English version

council tax

From Longman Dictionary of Contemporary Englishcouncil taxˈcouncil ˌtax noun [singular, uncountable] British English  a tax which every home in Britain has to pay to local government, based on the area and the value of the house, flat etc
Examples from the Corpus
council taxIn Tower Hamlets, for example, a 1 percent. spending increase will mean an 11 percent. rise in council tax.This year's two community charges come to £656, while this year's council tax bill will amount to £517.On the other hand, the council tax is also a bit-of-a-poll-tax.They also got a new source of money, the council tax, to replace Mrs Thatcher's hated poll tax.We can test the fairness of the council tax by looking at the bill that the Secretary of State himself will face.He also wanted to scrap the council tax discount offered to second-home owners.Like the poll tax, the council tax would also take account of the number of adults in each household.So all you people out there-make sure you pay your council tax.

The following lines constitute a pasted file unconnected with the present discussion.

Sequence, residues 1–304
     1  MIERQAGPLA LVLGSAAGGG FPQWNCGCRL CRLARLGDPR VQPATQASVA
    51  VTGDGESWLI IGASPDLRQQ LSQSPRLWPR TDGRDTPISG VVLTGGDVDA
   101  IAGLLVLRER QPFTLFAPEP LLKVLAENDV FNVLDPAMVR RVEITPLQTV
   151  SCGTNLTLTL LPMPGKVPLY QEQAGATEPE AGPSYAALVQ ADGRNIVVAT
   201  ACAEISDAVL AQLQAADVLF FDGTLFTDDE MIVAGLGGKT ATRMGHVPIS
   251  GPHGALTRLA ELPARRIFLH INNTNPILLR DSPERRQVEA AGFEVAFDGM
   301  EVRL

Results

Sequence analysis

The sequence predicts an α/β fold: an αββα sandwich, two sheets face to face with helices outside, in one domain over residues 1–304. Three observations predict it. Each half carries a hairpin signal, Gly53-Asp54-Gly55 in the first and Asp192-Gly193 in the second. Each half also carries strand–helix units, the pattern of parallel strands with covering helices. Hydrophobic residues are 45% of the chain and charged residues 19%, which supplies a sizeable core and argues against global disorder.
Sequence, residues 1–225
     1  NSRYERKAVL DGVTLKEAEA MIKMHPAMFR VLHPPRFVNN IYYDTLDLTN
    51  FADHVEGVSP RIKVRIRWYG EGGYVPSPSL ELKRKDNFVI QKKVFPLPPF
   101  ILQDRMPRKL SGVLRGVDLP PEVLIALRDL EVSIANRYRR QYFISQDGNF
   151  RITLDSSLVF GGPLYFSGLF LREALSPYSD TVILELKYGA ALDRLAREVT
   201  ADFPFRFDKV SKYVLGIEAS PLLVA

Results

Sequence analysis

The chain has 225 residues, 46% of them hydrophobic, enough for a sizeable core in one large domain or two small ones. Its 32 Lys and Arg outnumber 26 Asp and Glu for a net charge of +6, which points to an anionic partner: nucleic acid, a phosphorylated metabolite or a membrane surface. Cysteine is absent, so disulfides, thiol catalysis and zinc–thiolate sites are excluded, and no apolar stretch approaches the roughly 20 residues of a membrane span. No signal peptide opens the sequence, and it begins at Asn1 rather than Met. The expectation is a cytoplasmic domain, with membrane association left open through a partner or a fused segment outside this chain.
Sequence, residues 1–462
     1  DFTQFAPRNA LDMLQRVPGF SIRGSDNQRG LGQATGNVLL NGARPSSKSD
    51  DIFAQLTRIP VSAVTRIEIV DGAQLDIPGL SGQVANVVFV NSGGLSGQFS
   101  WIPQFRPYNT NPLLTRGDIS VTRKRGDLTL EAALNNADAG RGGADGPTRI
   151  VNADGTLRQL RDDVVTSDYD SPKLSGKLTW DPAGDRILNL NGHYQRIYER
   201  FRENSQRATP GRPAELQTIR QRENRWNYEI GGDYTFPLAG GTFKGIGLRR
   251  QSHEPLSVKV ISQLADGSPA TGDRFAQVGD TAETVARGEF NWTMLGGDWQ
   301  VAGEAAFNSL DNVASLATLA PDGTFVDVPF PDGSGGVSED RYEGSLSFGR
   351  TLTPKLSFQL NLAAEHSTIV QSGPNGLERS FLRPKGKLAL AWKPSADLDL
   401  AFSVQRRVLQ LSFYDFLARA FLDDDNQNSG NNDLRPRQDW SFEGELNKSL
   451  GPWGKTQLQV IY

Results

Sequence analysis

From Longman Business Dictionarycouncil taxˈcouncil tax [countable, uncountable]TAX in Britain, a tax paid to your local government authority that depends on the value of the house or apartment that you live in tax
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